A Setback for the Ocean Cleanup
After steaming out of the Bay in late September with the ambition of cleaning up the Great Pacific Garbage Patch, the Ocean Cleanup project has suffered a major setback and is heading back to Alameda. “Due to a structural malfunctioning of the cleanup system, today we made the decision to return to port earlier than planned,” Ocean Cleanup said on its website. “We will set sail as soon as an appropriate weather window is available.”
On December 29, during an inspection of the nearly 2000-ft plastic-skimming boom, the Ocean Cleanup crew found that a 60-ft section had detached from the rest of the system. “Although it is too early to confirm the cause of the malfunction, we hypothesize that material fatigue (caused by about 106 load cycles), combined with a local stress concentration, caused a fracture in the HDPE floater.”
Ocean Cleanup was quick to say that despite the break, both of the now-separated sections of the boom, or “floater,” are stable. “All bulkheads are intact, and the end section has two stabilizers affixed to it, so rollover is not possible. Also, because no material was lost, there have been no safety risks for the crew, environment or passing marine traffic. However, as the redundancy in the cleanup system’s sensors and satellite communication (which are mounted on both end sections) has now been compromised, we concluded it is sensible to return to port.”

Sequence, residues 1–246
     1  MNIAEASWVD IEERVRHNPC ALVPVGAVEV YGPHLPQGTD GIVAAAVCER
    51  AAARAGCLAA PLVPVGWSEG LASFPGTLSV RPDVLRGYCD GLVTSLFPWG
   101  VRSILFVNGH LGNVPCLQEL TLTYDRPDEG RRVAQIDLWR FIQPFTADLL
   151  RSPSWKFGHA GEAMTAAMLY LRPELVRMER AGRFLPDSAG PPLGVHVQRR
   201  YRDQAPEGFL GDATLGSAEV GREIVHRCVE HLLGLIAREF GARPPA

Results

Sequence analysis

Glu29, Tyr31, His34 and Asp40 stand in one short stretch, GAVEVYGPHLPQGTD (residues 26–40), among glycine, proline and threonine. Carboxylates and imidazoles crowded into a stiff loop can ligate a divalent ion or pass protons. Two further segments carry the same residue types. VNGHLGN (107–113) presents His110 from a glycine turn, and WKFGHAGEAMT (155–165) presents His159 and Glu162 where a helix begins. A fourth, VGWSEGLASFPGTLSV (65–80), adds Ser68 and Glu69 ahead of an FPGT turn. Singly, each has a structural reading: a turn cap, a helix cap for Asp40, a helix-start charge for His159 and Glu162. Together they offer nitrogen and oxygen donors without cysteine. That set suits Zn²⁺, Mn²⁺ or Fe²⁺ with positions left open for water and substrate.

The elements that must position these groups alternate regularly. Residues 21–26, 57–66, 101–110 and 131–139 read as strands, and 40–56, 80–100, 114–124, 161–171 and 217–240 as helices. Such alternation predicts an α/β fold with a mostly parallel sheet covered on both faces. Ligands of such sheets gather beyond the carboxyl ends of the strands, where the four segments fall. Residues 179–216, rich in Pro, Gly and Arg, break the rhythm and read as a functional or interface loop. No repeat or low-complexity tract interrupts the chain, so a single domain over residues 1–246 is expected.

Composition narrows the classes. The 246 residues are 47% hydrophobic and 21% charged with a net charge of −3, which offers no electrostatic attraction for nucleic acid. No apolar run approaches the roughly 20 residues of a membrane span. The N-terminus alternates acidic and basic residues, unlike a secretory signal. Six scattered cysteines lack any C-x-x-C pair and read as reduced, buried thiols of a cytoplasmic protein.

The Ocean Cleanup was ambitious, to say the least. Dutch inventor Boyan Slat said the system was “something that we haven’t really been able to test very well,” according to the New York Times. Tackling the 87,000 tons of floating, decaying trash in the Pacific was sure to have some snags, and we hope that Ocean Cleanup is back on the high seas as soon as possible.
But if we can preach: The best way to eliminate marine debris is to keep trash out of the ocean in the first place. We hope everyone got a reusable water bottle and coffee cup for Christmas!
Randall Reeves Says Hello from the Upside Down
We got an email this morning from Joanna Bloor, the wife of Figure 8-er Randall Reeves, that read, “For you . . .” This is for actually for you, Latitude Nation.
Lia Ditton’s Perseverance
You might recognize the narration on this Lia Ditton video documenting her training row down the California coast last summer. Ditton — a sailor with a super-stacked résumé — wrote about her epic trip in October’s Sightings. We were delighted to see her thousand words put to video. Enjoy.